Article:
Wacky Winter Weather Confounds Plants and Animals

Periods of warm weather in February triggered crocuses, like these ones on John Street in Providence, to sprout about a month before they usually do. (Frank Carini/ecoRI News)

Periods of warm weather in February triggered crocuses, like these ones on John Street in Providence, to sprout about a month before they usually do. (Frank Carini/ecoRI News)

By TODD McLEISH/ecoRI News contributor

The weather this winter in southern New England has been far from typical, and it’s having serious implications for wildlife and natural history phenomena.

The official temperature at T.F. Green Airport on Feb. 1 reached 66 degrees Fahrenheit, a record high for the date, But two weeks later, on Valentine’s Day, it plunged to minus-9, the coldest temperature in Rhode Island in more than three decades. A week later, it was back in the 60s again.

On Feb. 24, the National Weather Service issued a severe thunderstorm warning, the first time it has ever done so in February. That follows a warmer-than-usual January and record warmth in December.

The periods of warm weather in February triggered daffodils, crocuses and other early-blooming flowers to sprout a month or more before they usually do. Wood frogs and spring peepers were observed hopping across roads and chirping loudly in vernal pools in many locations during the last week of February, which is also several weeks earlier than usual.

On Feb. 25, Keith Killingbeck, a professor of botany at the University of Rhode Island, noticed a red maple tree with flower buds expanding, nearly two months early.

If the weather remains warm, these plants and animals shouldn’t experience any ill effects. But what will happen if a freeze returns, as it often does in March?

“Early spring plants are pretty tolerant of cold temperatures,” Killingbeck said, “but it depends on how cold it gets and how long those cold temperatures last.  It’s in the realm of possibility that flowers could pop open, bloom and get zapped by a long, cold frost and be toast for the season. A lot of trees are susceptible, too. That’s a lot of energy the plants and trees expend for nothing.”

Killingbeck said that such an event wouldn’t affect the survival of the plants, but it eliminates an entire year of reproduction.

Frog and salamander reproduction could be affected, too. In a typical year, evening rains in mid- to late March trigger wood frogs, spring peepers and spotted salamanders to migrate from their wintering locations among the leaf litter and in shallow burrows to temporary pools and small ponds, where they mate and lay their eggs. But the warm weather in late February triggered some to begin their migrations several weeks early. The return of winter conditions in March could jeopardize any eggs that have already been laid.

Lou Perrotti, director of conservation programs at Roger Williams Park Zoo and an expert on reptiles and amphibians, said wood frogs are especially cold hearty and will hunker down until the weather is just right.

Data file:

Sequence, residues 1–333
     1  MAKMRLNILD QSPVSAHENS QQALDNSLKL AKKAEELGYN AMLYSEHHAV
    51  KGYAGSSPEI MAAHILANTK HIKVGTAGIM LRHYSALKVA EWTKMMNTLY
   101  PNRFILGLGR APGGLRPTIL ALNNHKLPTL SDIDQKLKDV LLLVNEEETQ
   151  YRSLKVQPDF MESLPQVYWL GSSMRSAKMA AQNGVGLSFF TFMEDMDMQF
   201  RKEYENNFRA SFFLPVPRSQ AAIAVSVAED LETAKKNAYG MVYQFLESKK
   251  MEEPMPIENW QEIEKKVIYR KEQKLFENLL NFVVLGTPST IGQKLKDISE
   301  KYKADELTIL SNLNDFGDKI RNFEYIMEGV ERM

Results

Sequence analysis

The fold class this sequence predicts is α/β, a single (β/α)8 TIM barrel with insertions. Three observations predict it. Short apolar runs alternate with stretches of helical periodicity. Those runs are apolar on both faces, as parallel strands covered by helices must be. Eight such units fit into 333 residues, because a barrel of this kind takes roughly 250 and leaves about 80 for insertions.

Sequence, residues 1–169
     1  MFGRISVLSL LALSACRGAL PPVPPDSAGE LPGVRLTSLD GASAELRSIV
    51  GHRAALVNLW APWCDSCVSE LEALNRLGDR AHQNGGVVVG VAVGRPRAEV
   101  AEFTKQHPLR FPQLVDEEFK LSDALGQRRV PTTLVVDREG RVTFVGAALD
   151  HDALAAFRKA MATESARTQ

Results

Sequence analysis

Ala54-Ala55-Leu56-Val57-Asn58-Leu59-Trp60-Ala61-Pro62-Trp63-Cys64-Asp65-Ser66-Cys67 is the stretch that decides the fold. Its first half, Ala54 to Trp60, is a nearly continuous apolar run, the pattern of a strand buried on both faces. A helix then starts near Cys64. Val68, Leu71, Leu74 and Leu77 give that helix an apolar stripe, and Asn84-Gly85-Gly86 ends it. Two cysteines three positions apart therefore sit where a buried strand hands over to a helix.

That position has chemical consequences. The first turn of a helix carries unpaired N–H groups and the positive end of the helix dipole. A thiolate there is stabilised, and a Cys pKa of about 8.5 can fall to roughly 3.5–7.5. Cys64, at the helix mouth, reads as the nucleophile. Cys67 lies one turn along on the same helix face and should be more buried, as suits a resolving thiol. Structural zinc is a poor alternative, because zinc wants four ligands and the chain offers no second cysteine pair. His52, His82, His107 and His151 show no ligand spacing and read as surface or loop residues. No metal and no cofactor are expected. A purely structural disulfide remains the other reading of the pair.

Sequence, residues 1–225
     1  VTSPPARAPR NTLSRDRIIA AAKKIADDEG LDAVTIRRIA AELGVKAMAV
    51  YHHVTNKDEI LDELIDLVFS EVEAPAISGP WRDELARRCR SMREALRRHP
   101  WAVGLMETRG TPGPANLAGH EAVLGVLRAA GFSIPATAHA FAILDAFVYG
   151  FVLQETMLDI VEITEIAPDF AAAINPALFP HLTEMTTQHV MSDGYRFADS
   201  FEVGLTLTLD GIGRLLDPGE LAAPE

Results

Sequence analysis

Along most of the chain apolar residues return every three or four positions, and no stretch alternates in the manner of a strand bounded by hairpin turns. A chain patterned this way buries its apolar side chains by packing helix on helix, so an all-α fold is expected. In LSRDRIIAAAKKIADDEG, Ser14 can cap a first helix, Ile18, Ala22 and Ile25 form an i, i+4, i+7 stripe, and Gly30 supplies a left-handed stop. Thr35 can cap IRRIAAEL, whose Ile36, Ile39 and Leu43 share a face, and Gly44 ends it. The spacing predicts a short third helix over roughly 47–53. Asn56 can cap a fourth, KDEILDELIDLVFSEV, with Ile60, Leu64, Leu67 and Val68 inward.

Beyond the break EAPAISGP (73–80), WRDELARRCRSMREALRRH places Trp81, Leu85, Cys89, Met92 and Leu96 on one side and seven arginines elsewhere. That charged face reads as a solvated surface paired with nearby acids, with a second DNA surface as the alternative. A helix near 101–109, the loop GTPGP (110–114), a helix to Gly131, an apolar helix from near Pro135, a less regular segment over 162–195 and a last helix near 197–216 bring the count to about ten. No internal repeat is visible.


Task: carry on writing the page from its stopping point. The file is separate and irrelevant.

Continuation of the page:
“The males arrive [in their breeding ponds] first and start calling the girls down, but if it is too cold they will not call and the girls will not move,” he said. “So breeding won’t happen until the temperatures and precipitation are optimal.”

It’s not unusual for a thin layer of ice to form on amphibian breeding ponds after the frogs and salamanders have laid their eggs, according to URI herpetologist Peter Paton. Some eggs may die as a result, he said, but those submerged below the surface should survive. Adult frogs are usually able to avoid being trapped under the ice by exiting the pond.

Paton does worry, however, about repeated cold and warm spells in March. Wood frogs and spring peepers survive the winter by slowing their metabolism, dropping their body temperature, and allowing the water in their bodies to freeze solid. They survive unharmed thanks to the production of a concentrated sugar solution that acts as an anti-freeze to protect their organs.

“But I don’t know how many times they can withstand freezing and thawing in one season,” he said. “They might not do well if they have to keep doing it.”

Plants and amphibians aren’t the only wildlife that seems to be a bit confused by the weather. On Feb. 25, David Gregg, executive director of the Rhode Island Natural History Survey, posted a video on Facebook of a group of bees swarming around his bird feeder. He said it appeared as if the bees were licking the sunflower seeds.

“I understand that one of the concerns about global warming is the mismatch between bees and flowers,” he said. “The bees are active because the weather's warm, but there aren’t any flowers out yet for them. So maybe that causes them to go after alternative food sources such as my bird seed.”

Climate change may well be playing a role in the unusual weather this year, but also playing a role is this year’s strong El Nino, which changes weather patterns in complex and unpredictable ways.

“This overriding element of global warming is impacting everything on our planet,” Killingbeck said, “and then on a little less universal scale, the El Nino year on top of that is messing with certain pockets of the globe as well.”

But he said that all is not lost for this year. At least not yet.

“We’re at a critical time right now,” Killingbeck said. “It all depends on what happens in the next month. It could still get back to normal. If we get back to more seasonable temperatures in March, the plants should do what they usually do in spring. Or we could have 70 degrees in March and all bets are off.

“But just because we’ve had a wacky winter doesn’t necessarily mean we won’t have a normal spring.”

Rhode Island resident and author Todd McLeish runs a wildlife blog.